What happened in 2018?
The final three years of the festival saw declining sales and increasing costs. The proliferation of festivals, talent expenses, and competition for talent went way, way up. And the core identity of Sasquatch be- came indie music broadly – eclectic but with an indie aesthetic. That had a huge wave in the 2000s and kind of petered out as different types of music came to the forefront, namely electronic music. It became not profitable after being slam dunks for many years and we decided to put it to bed.
It’s interesting how festival tastes change. Now Coachella often doesn’t have rock headliners, you see more pop and hip-hop, maybe EDM or whatever. What happened after you put Sasquatch on ice?
I should have gone to Hawaii for a year and just chilled out. These things take a lot out of you. It’s no joke creating and producing each festival. There was a real community around Sasquatch of voracious music lovers and that’s what Sasquatch became known for. I felt this obligation to keep something going for that audience. So that’s when we started up the THING Festival, which is in Port Townsend, Washington, and much smaller, a boutique festival. It’s 6,500 capacity and more targeted towards music discovery.
I recently went to the Olympic Peninsula and was struck by its beauty.
The site is surrounded by forest on one side and the other side looks out on the Puget Sound and the Olym- pic Peninsula. It’s just spectacular and the town is really charming.
It’s a Victorian seaport so there’s all these little Victorian-style buildings and attracts a lot of artists and retirees, it’s phenomenal. The site itself, Fort Worden, has a really cool history. “Officer and a Gentleman” was filmed there, which is kind of funny. It’s been converted into what they call a lifelong learning center with mostly arts activities.
Is there camping?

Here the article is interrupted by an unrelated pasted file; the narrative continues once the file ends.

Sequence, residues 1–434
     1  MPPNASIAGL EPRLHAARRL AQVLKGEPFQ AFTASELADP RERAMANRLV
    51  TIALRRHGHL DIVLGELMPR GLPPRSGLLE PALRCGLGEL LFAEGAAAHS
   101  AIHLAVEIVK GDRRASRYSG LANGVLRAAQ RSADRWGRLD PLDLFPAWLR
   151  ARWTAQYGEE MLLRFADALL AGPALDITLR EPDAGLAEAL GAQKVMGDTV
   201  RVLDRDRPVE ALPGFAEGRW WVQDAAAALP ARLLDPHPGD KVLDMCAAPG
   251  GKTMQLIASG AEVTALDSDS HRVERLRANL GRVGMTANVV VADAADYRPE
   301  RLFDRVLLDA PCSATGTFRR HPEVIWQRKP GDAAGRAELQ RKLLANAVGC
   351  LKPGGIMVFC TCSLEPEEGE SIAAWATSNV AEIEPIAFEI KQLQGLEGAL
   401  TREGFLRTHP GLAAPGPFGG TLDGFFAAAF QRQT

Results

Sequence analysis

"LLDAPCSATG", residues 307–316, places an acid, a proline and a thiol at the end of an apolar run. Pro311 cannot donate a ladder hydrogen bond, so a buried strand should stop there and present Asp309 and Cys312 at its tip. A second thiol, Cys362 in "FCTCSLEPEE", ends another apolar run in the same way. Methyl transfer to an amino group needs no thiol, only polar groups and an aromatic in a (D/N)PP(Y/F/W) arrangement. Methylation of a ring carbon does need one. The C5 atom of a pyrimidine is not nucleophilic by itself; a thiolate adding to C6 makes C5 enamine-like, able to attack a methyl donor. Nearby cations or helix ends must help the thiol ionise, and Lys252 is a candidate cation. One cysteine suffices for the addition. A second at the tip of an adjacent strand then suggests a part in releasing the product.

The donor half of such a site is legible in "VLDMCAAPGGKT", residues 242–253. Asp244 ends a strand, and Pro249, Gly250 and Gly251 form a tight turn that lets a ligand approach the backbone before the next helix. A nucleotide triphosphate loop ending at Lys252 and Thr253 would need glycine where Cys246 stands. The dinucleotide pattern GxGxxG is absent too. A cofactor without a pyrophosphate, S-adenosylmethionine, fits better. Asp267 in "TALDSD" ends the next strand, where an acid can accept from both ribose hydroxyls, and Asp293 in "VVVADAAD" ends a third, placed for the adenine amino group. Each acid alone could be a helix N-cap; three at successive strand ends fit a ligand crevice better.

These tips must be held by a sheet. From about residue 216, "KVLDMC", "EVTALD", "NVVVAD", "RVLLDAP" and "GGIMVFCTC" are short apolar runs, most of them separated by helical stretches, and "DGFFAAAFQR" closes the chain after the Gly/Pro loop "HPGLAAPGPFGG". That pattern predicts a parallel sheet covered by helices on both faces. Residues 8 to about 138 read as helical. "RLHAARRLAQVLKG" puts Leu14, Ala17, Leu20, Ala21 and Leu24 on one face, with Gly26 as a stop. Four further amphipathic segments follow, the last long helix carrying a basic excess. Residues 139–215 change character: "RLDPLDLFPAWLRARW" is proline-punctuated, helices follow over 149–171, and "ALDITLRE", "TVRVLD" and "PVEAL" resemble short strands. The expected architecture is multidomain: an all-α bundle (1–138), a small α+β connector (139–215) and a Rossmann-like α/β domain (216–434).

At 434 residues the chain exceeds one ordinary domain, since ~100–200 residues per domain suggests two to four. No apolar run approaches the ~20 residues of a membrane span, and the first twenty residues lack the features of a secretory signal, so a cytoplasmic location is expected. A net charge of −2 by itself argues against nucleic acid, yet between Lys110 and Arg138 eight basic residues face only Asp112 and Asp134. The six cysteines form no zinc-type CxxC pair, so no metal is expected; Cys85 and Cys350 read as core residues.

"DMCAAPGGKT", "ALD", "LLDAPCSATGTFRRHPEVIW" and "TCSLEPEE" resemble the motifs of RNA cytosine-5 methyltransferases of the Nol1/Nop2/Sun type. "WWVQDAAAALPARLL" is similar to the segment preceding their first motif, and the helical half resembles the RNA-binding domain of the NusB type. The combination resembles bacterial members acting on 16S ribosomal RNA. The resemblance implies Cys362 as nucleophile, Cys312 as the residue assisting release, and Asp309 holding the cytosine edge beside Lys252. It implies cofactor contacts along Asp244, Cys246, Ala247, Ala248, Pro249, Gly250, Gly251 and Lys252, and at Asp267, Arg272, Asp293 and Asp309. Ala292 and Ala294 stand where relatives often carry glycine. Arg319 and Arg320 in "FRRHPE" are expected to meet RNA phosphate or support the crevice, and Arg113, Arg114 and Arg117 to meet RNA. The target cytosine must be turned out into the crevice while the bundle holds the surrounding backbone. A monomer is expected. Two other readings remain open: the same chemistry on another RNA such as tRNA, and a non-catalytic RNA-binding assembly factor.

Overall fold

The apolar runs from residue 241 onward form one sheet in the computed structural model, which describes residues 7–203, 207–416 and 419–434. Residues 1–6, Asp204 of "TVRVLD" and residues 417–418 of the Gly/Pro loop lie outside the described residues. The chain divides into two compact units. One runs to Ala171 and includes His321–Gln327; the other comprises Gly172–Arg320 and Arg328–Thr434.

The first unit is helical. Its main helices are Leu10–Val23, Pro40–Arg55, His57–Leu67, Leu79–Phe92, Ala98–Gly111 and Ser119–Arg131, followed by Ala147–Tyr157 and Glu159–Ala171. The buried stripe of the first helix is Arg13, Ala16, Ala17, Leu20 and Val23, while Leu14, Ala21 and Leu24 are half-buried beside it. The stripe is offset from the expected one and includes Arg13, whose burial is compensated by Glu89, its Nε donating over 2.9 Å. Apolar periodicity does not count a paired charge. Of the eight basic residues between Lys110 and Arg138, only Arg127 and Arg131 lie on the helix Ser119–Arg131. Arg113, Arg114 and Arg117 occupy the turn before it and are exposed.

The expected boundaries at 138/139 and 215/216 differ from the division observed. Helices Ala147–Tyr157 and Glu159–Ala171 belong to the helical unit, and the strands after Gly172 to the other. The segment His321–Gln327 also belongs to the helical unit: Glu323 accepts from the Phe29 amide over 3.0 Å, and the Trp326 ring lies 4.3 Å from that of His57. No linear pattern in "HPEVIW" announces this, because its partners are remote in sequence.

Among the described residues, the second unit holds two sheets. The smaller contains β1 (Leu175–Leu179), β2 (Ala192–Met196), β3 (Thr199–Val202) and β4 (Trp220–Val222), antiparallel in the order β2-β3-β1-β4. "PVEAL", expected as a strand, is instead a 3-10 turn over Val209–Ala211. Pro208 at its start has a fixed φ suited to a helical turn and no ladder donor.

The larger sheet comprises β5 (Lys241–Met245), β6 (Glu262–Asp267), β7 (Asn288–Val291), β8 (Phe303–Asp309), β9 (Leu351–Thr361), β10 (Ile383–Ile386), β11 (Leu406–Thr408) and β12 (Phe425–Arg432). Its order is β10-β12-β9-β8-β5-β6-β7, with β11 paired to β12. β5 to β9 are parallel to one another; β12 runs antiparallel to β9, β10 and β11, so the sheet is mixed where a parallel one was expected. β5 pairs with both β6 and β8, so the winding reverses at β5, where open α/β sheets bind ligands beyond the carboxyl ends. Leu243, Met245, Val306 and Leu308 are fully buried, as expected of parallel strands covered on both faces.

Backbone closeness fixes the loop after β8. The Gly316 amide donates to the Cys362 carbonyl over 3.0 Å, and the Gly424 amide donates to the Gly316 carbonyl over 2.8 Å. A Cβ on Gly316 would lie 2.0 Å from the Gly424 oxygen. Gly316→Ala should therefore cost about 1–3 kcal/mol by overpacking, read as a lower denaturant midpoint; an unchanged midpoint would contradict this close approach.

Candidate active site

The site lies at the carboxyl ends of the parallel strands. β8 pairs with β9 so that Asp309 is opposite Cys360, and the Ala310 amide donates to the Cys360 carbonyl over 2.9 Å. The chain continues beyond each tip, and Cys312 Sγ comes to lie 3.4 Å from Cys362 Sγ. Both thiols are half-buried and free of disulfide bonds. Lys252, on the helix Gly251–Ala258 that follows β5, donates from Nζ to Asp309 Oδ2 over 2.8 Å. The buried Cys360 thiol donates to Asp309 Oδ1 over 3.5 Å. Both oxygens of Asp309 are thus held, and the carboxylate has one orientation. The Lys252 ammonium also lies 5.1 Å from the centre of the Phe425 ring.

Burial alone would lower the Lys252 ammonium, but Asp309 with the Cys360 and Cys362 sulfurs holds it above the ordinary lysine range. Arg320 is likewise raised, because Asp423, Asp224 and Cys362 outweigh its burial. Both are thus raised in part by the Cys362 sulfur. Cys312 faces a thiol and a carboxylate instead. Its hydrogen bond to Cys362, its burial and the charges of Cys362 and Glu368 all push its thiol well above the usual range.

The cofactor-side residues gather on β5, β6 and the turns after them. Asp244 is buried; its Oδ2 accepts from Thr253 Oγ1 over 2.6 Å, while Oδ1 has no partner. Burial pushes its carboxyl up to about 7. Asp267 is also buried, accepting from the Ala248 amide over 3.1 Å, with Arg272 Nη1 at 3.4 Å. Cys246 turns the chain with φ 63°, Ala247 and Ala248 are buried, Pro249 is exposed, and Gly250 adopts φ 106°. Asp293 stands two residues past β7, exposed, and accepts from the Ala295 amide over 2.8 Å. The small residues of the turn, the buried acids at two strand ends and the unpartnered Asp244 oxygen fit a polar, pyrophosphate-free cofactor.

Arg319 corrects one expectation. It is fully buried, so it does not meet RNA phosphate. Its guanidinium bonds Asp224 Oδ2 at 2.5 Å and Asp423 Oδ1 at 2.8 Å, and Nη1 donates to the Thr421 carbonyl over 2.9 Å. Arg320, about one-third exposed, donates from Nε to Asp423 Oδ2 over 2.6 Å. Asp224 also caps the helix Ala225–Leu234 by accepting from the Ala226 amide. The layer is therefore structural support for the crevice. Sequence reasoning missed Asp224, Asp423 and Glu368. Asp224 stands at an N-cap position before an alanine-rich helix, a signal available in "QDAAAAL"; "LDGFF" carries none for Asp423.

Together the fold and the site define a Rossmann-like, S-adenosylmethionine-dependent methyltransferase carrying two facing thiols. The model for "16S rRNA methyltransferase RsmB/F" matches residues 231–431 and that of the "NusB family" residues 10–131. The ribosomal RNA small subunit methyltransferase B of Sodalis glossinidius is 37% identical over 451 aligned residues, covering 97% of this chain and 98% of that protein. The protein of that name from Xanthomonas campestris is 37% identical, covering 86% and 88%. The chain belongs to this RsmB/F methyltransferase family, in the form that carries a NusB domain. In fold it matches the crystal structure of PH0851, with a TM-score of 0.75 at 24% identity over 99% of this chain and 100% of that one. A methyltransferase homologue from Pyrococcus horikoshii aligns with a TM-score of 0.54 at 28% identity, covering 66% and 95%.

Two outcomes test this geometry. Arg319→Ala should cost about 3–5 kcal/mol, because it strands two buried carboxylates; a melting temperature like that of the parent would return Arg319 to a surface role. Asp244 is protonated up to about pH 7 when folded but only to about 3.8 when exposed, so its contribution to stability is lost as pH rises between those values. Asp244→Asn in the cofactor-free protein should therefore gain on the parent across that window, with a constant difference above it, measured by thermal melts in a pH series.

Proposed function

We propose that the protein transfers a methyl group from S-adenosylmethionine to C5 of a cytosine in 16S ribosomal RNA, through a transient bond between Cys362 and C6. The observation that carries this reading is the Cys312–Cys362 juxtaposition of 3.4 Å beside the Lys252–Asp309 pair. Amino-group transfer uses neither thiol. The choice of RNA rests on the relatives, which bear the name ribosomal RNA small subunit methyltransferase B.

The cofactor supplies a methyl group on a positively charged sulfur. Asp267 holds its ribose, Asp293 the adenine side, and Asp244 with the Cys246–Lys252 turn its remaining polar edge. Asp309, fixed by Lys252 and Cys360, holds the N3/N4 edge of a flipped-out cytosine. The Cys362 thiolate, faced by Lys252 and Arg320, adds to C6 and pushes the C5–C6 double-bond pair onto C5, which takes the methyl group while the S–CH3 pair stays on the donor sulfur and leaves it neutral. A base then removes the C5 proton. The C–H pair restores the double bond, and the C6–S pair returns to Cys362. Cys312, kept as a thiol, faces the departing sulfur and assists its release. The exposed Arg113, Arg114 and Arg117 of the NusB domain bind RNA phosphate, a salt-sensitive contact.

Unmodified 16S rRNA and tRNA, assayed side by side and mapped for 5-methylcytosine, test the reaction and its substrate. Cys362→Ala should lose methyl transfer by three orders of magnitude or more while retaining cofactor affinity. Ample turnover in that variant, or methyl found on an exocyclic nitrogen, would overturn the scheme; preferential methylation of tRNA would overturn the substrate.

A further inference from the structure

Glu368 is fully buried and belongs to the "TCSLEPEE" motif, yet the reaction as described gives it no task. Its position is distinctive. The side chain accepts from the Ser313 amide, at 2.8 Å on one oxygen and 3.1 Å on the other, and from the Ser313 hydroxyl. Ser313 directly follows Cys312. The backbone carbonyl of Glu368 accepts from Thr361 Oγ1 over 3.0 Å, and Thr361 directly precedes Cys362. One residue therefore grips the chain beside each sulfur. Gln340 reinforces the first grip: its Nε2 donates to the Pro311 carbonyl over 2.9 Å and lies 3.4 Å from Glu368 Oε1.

There’s a bunch of different types of housing, lots of hotels, vacation homes, people Airbnb their houses. We took over the County Fairgrounds and turned that into a campground. There’s campgrounds run by the state in this forest and on the beach and there’s Victorian officers quarters on site. People can rent those and there’s tons of bedrooms, one of the houses has 16 bedrooms.
The lineup looks great and eclectic. Jungle, Father John Misty, Sparks, Wet Leg, Mdou Moctar, Yves Tumor, Goose, Adrian Younge. What’s your booking strategy?
Music discovery. It’s designed to attract people who are excited about discovering new music. We have an incredible radio station in KEXP, a non-profit station, and music discovery is their mission. There’s a culture and a support system around that here. Other than that, just continuing the vibe and the thread from Sasquatch and trying to take a step forward with representation and make sure the audience we want, which is everyone, is as inclusive as possible, to see a version of themselves on stage.
Have you partnered with anybody?
This is with Seattle Theatre Group, which is where I work and is a non-profit organization.
They have three historic theaters in Seattle: The Paramount, The Moore and The Neptune Theatres. We book 700 shows between those three theaters. This is sort of a special project outside of our venues.
How’s it been securing talent, selling tickets and establishing a new festival with what we’ve been through the last two years?
To me it’s a thrill to book. It’s a different type of stress than it was when I first started. It’s far easier and sales are good. We’ll probably need all summer to sell it out. We got to live through coming out of this pandemic to make sense of what’s going on with ticket buying patterns, on everything, not just festivals.
This must be so much easier if Sasquatch was 30K and this is 6.5K.
It turns out that’s just not the case. Unlike The Gorge, it doesn’t have all the infrastructure built, so instead we are building and bringing everything in.
Are supply chain and the labor shortages an issue?
Everything pretty much across the board has become more expensive and labor’s difficult to find in almost all industries including ours, but it’s also a pretty fun thing to work at, so maybe it’s not as challenging as some other industries.
How many stages?
There’s two main stages and a zeppelin hangar that’s been converted into a seated theater and a 300- seat little art deco theater where we do variety show type of stuff.
How did the first one go?
Great. It sold out. It was a two- day festival the first year and this year it’s three.
So it doesn’t go all day or night?
Well, there’s no overlapping sets. That’s something I learned from doing this over the years.
That’s kind of a dream. Quality over quantity.
I don’t wanna put any value judgments on anybody, but there’s a lot more to this than the financial aspect that dominates planning these events. Some of these festivals are extremely successful and profitable. Nothing I’m saying is criticism. For my values, it’s important to impact culture and be thoughtful with our choices around who we program. It feels like, from time to time, the industry gets away from that.